Harris Interactive’s recent hi brands® research, which measures brand sustainability, reveals that wealth management/investment providers have greater vitality than many other categories across various sectors, including far outstripping current account and credit card providers, especially in terms of excitement. This means that when it comes to wealth management brands, consumers are more likely to seek out information about them and encourage them to keep in regular contact; they also have a stronger desire to be the first to take out new products and services and fear missing out on the latest offers. This will be encouraging news for those working in investment marketing.
The hi brands® brand sustainability matrix for wealth management/investment providers, new for this latest wave of the study, is shown below with the strong vitality scores represented by the relatively large bubbles on the chart.
Leading the pack in the compelling category (top right) are well-known investment platforms Bestinvest and Hargreaves Lansdown, both of which have not only high present equity and knowledge, but strong future relevance and sustainability – not a surprise to see in our post-RDR world, where these brands are the most likely to be recommended and have enviable levels of trust. However, whilst clearly the draw of platforms is strong for consumers, many of whom are choosing to go down an execution only route, often sceptical of and unprepared to pay for professional financial advice, there are also a collection of more traditional wealth management providers in the compelling category. These include Brewin Dolphin and St. James’ Place Wealth Management, both of which are brands that emphasise their personal service, with Brewin Dolphin’s strong future relevance and vitality perhaps explained by its claim to provide “A helping hand for the next generation” by helping young people get on the housing ladder and build their savings.
Lower in terms of brand equity, sitting more in our challenging segment, and with slightly lower future relevance too, are some of the more traditional investment or corporate banks, including Commerzbank, Schroders, Société Générale and Investec; with strong vitality, these providers are in a good position to progress. In our building quadrant, with less perceived future relevance and vitality than the challengers, are in fact arguably the most established brands, with the biggest global financial services providers sitting here, including UBS, Credit Suisse and Citi.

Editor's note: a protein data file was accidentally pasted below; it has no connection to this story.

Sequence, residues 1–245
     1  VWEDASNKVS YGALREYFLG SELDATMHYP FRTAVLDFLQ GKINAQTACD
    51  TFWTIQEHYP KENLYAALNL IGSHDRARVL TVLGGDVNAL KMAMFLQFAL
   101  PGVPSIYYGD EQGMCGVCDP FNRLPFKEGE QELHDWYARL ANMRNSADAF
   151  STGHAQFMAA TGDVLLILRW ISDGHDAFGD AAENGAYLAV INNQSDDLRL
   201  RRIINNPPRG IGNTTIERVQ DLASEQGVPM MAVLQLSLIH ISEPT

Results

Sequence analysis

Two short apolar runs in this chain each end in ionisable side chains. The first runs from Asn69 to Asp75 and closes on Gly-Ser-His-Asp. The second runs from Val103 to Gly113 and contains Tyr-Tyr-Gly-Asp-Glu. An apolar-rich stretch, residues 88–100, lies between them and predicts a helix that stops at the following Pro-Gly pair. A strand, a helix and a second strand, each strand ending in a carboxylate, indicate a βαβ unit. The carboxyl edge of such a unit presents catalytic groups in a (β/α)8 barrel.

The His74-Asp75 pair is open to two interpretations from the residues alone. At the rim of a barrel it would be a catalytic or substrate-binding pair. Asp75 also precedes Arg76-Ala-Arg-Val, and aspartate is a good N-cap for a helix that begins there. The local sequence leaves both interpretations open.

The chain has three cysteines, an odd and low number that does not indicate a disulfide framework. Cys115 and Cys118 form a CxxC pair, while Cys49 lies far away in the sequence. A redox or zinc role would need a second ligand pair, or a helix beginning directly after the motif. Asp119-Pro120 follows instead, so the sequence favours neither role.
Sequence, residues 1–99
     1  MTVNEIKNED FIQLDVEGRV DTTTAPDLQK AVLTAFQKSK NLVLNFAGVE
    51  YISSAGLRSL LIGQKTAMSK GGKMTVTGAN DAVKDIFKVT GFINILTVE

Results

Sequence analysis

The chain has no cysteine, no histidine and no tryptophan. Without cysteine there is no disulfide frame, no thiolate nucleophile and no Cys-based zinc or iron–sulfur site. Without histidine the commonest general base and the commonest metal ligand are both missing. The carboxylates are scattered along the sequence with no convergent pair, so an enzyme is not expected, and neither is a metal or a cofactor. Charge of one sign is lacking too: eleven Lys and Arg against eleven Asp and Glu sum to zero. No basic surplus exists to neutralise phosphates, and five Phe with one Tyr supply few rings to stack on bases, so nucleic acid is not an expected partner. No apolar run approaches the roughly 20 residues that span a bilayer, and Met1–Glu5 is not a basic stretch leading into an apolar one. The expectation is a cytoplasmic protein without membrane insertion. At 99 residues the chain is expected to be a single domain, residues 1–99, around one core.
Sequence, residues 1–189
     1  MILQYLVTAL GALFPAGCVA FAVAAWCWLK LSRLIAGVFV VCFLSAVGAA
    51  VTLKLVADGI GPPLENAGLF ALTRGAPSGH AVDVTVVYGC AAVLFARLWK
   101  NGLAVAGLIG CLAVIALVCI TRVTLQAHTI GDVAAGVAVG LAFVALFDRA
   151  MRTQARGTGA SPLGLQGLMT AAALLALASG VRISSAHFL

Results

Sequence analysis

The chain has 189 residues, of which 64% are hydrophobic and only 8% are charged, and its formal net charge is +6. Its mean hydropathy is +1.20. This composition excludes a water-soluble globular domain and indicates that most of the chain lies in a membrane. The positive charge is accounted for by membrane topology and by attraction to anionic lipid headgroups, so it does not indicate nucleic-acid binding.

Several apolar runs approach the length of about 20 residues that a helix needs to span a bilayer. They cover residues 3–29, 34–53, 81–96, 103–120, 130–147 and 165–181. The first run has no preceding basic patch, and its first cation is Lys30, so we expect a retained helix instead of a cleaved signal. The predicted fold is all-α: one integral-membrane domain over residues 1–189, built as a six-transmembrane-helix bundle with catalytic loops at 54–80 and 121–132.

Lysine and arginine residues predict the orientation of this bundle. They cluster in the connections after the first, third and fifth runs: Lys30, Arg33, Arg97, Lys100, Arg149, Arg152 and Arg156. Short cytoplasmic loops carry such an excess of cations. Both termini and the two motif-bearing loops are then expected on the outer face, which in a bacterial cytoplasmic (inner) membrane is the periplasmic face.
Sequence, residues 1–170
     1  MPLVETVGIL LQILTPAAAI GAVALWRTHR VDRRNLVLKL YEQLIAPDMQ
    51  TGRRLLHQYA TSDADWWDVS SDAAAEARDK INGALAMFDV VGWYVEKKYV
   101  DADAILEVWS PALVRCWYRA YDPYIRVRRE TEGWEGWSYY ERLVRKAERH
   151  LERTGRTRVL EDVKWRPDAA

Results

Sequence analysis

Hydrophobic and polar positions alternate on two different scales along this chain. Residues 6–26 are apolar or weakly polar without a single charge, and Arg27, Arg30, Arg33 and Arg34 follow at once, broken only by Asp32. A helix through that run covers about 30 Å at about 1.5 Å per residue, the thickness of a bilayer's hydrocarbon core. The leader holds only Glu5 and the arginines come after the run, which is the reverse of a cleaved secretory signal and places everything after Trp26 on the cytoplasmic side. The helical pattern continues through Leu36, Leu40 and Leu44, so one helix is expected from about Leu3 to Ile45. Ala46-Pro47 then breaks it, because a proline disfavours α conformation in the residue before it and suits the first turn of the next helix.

Completing the hi brands matrix, in the strong quadrant, are the high-street banks of Barclays and HSBC, with high knowledge and equity, but perceived as having very little vitality in the investment space at present. We suspect that Walker Crips, the other provider to make up the strong segment, is struggling with an image problem here, being confused by respondents with a well-known food manufacturer. Mistaken for providing salty snacks, it is the least favoured brand when it comes to managing consumer’s wealth.
The overall high levels of vitality and strong future relevance is good news for brands operating in wealth management and investments. Whilst it is understandable that consumers can more easily see the excitement of a brand when considering the prospect of making money from their money, the sense of brand excitement with consumers seeking interaction and new products and services is something financial services providers could do with emulating when it comes to other aspects of our financial lives, such as managing everyday expenses and buying insurance and protection products. Perhaps brands can also utilise this excitement to encourage more consumers to take out a pension and become more actively involved in preparing for their future retirement.
Georgiana Brown is Associate Director within the Financial Services team. To discuss the hi brands® results or for further information, drop her a note at firstname.lastname@example.org.
About hi brands®
Harris interactive, together with Aston Business School, has developed hi brands®, a new brand sustainability measurement framework. It comprises five pillars measuring: brand knowledge (awareness and penetration); brand equity (overall brand health); future relevance (how the brand will be evolving); and overall brand vitality, which measures to what extent consumers are excited about the brand (active interest in the brand and offers, as well as anticipation) and brand community (to what extent the brand and consumers interact, and what level of empathy there is amongst people).
 The hi brands® research cited was conducted in February 2017 with 2,000 online nationally representative interviews conducted amongst UK adults aged 18+ within the wealth management category. Brand ratings were collected for brands respondents were familiar with.
 The Retail Distribution Review (RDR) of 2013 saw the introduction of a set of new rules governing the retail investment market, including the abolition of commission in favour of up-front advice fees, and which were designed to ensure more transparency and fairness for consumers. The Financial Conduct Authority (FCA)’s post-implementation review can be viewed on their website here: https://www.fca.org.uk/news/news-stories/post-implementation-review-retail-distribution-review